Hedge fund changes may signal their ‘winter’ – Asness


Cliff Asness, the renowned founder of AQR Capital, has published a new white paper critiquing common ways used to compare the overall performance of hedge funds and suggesting better comparisons for investors to make. But he has a sting in the tail for some hedge fund managers.

The paper, ‘The Hedgie in Winter’, says that hedge fund returns are often compared with traditional 100 per cent long-only equities portfolios and, more recently, the comparison period has tended to be the nine years since the global financial crisis. Both are wrong, Asness says. He is “harshly critical” of such comparisons but says he does not “rescue” hedge fund performance since the GFC.

“Actually, I show that doing the comparison correctly, hedge funds have petered out in the last third to half of my sample adding little to no value. “Petering out” means not adding or subtracting much value. This is far less extreme than the commonly reported epic disaster of hedge funds destroying many billions of dollars of their clients’ money, which follows from the aforementioned fallacious comparison. But, it’s still not very good…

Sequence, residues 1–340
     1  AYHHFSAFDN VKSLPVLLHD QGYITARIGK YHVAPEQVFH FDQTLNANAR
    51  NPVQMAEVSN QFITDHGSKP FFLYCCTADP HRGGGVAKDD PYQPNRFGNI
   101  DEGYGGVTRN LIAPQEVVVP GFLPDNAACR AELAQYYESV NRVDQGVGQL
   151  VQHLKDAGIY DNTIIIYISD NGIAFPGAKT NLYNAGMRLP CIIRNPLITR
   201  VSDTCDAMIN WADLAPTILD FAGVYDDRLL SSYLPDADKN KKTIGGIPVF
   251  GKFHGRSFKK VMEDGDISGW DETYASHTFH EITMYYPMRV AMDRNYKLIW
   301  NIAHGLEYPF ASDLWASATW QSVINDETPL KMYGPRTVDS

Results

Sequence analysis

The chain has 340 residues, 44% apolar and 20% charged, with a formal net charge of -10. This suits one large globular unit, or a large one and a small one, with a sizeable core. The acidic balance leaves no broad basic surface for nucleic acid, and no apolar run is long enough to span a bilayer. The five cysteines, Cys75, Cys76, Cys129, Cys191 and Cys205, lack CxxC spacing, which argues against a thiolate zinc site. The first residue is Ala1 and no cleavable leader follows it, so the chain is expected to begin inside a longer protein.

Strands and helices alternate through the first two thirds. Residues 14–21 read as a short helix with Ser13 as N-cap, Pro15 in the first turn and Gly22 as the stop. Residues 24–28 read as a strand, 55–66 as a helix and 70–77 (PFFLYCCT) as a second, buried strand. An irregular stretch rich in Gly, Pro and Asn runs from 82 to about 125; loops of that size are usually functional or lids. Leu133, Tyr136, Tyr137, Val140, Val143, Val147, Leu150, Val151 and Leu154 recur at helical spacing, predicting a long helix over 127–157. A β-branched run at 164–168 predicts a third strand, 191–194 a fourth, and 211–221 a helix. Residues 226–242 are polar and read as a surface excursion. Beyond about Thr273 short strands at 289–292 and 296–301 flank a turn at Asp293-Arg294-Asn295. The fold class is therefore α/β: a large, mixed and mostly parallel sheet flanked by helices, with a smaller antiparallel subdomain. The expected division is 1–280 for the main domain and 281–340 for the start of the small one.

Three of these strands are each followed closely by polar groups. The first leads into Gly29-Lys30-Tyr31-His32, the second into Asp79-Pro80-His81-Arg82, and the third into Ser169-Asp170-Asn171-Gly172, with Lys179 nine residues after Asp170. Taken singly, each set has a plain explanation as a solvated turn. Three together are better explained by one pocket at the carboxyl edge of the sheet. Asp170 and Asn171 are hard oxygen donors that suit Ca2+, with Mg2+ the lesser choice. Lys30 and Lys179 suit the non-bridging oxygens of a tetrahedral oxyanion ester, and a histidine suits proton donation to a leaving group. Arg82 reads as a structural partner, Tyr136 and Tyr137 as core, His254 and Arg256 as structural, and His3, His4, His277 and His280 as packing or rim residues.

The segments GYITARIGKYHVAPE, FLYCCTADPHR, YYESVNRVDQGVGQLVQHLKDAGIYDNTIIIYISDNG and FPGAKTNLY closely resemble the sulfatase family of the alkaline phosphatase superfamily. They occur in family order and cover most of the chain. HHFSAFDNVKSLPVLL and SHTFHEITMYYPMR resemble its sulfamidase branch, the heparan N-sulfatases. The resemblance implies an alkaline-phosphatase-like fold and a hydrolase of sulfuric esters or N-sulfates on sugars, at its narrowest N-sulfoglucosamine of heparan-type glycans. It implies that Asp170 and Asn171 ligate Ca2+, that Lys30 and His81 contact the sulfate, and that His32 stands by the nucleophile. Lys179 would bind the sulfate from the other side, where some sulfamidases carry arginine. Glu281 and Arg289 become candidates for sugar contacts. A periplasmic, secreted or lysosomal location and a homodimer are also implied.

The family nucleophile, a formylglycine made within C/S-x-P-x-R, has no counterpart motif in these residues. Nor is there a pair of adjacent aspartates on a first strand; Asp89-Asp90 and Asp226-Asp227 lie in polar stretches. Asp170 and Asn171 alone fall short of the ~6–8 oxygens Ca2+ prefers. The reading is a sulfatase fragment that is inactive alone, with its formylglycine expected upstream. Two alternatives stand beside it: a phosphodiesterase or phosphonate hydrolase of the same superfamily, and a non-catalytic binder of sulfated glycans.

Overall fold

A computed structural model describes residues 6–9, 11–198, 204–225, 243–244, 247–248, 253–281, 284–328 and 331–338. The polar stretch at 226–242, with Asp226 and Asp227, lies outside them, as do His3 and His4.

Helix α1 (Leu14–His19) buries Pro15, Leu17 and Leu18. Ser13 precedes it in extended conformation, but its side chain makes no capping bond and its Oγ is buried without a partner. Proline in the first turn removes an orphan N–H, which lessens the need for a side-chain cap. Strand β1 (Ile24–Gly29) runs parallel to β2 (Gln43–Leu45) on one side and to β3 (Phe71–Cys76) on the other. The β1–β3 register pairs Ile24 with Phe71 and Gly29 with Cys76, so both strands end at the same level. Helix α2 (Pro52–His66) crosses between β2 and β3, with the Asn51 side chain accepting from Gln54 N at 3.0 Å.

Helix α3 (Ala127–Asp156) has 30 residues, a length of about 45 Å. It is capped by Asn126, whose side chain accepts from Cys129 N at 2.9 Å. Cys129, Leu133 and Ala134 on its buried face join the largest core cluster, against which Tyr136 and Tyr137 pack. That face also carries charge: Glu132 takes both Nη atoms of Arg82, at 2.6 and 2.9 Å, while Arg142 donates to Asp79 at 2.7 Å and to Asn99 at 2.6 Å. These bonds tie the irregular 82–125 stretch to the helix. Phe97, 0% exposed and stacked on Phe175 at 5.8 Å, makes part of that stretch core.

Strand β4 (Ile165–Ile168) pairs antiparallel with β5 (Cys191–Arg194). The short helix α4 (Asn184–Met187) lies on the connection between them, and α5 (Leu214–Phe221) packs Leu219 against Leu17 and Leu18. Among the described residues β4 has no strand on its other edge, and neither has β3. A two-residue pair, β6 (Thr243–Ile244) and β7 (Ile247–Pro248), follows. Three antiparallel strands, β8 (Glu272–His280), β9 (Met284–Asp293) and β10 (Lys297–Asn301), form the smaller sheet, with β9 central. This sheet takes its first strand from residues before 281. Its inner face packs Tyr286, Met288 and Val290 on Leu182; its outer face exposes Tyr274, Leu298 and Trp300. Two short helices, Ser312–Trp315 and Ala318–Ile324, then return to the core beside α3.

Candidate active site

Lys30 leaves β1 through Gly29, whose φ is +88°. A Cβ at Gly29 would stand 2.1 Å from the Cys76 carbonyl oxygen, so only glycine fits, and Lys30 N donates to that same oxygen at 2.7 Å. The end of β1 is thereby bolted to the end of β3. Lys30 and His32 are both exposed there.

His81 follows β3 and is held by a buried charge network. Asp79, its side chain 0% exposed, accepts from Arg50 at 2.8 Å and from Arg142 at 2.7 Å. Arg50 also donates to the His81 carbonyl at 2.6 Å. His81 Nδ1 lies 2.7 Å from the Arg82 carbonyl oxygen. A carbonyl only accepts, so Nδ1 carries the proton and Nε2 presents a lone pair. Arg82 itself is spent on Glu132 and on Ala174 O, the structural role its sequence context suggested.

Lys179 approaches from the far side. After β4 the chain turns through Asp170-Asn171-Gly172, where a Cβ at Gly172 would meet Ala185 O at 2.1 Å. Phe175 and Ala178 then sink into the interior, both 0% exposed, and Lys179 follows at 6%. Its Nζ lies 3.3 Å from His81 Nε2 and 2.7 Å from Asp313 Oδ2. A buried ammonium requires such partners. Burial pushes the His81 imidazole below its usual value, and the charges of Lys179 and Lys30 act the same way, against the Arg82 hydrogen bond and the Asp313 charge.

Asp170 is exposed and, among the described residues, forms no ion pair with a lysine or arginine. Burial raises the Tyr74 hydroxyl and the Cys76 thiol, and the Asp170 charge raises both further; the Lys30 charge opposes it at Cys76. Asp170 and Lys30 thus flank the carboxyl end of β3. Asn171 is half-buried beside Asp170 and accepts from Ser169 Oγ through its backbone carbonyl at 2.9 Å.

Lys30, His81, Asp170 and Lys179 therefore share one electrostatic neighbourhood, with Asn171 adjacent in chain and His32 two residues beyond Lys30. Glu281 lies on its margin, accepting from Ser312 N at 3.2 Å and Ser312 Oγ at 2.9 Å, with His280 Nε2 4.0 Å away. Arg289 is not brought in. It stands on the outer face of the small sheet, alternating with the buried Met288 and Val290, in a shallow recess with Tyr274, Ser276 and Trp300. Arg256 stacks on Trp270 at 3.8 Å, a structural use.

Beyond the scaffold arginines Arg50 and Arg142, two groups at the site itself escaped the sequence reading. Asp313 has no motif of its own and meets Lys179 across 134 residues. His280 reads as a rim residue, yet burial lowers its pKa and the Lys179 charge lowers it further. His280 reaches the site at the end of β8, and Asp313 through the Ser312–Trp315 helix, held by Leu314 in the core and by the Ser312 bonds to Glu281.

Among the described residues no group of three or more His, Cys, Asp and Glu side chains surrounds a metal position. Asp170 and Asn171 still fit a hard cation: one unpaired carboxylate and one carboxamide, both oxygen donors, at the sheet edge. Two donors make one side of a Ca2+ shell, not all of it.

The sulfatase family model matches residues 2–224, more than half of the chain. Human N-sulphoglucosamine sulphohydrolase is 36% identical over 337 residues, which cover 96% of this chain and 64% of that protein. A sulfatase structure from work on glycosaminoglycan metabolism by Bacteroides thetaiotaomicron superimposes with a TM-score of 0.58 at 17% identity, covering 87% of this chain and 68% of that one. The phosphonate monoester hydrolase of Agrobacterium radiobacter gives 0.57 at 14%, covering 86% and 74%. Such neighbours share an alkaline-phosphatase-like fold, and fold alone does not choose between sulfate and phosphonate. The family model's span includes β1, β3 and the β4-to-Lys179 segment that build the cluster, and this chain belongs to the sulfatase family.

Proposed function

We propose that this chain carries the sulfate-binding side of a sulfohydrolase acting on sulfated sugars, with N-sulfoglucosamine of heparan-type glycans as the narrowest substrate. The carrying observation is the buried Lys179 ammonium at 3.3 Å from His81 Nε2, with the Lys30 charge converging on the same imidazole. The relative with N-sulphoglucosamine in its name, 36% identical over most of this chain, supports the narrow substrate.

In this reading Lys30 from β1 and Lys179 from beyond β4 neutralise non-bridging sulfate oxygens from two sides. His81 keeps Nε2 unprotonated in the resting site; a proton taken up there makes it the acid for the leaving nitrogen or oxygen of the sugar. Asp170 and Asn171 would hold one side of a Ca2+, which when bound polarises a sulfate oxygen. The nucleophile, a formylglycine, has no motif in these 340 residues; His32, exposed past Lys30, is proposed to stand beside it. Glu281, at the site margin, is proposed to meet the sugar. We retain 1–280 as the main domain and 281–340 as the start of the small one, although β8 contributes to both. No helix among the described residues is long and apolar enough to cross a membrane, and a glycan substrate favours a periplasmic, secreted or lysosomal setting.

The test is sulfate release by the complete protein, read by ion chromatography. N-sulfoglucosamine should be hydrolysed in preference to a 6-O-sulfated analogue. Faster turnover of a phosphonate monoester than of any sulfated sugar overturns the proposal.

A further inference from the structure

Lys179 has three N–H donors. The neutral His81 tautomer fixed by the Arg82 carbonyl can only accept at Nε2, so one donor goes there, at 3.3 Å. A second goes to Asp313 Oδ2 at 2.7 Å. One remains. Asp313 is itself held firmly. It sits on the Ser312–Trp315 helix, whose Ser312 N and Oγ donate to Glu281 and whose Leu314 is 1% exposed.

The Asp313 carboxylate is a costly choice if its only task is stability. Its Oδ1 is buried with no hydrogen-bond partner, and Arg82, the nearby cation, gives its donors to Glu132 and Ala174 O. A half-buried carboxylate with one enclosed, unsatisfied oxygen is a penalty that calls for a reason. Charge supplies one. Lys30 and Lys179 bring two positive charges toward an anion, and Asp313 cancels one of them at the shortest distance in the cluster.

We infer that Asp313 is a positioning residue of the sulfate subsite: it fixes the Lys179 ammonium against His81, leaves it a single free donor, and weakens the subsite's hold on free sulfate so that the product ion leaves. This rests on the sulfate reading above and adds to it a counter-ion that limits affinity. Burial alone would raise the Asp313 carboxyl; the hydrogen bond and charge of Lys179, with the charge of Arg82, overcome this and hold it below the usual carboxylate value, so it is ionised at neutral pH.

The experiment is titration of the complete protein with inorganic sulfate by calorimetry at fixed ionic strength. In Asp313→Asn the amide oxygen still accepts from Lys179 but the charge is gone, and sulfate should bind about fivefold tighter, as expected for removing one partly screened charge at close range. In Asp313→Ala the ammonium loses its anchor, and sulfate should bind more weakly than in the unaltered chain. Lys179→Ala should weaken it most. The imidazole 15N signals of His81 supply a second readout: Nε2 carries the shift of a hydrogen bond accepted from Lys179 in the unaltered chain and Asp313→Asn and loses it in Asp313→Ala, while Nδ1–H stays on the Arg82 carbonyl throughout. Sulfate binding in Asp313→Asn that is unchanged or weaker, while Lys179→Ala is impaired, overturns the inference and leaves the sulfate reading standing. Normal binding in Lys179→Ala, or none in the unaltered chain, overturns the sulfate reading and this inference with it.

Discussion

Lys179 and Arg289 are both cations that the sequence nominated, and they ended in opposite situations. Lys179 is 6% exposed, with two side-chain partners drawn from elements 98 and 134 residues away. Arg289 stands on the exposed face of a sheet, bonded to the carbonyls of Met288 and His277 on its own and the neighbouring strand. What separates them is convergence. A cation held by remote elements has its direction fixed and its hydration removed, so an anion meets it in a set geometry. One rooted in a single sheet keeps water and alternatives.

“I argue that much of the ‘petering out’ of hedge funds in the last third of our sample is likely due to hedge funds transforming from something mostly different from traditional stock picking (from, say, the early 1990s to the early 2000s – and likely even more true further back in time – but unfortunately we don’t have reliable data much earlier) to something far closer to traditional active mutual funds (early 2000s to now) … but with higher fees.”

Asness suggests that the manner of change that many hedge funds have undergone may well signal their “winter”, because their correlations are too close to those of traditional active stock pickers and that hedge funds “are no longer what they once were”.

“There are no proofs above, just stories and supportive data. But I find the story that hedge funds as a whole are now much closer to regular old traditional active stock picking, and thus less special than before, quite plausible. Given traditional active stock picking is such a consistent long-term disappointment, this ain’t good.”

– G.B.